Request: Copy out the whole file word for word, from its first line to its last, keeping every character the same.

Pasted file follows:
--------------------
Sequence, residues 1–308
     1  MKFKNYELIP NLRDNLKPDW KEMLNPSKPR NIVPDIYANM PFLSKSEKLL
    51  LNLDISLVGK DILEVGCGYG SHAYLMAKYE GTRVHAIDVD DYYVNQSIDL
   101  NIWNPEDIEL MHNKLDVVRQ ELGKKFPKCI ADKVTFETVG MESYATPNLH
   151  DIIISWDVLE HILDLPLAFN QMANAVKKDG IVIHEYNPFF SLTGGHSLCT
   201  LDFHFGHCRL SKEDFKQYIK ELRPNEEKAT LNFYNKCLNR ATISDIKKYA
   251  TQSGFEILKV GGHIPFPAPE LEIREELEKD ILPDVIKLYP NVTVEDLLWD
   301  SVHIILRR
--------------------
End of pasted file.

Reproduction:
Sequence, residues 1–308
     1  MKFKNYELIP NLRDNLKPDW KEMLNPSKPR NIVPDIYANM PFLSKSEKLL
    51  LNLDISLVGK DILEVGCGYG SHAYLMAKYE GTRVHAIDVD DYYVNQSIDL
   101  NIWNPEDIEL MHNKLDVVRQ ELGKKFPKCI ADKVTFETVG MESYATPNLH
   151  DIIISWDVLE HILDLPLAFN QMANAVKKDG IVIHEYNPFF SLTGGHSLCT
   201  LDFHFGHCRL SKEDFKQYIK ELRPNEEKAT LNFYNKCLNR ATISDIKKYA
   251  TQSGFEILKV GGHIPFPAPE LEIREELEKD ILPDVIKLYP NVTVEDLLWD
   301  SVHIILRR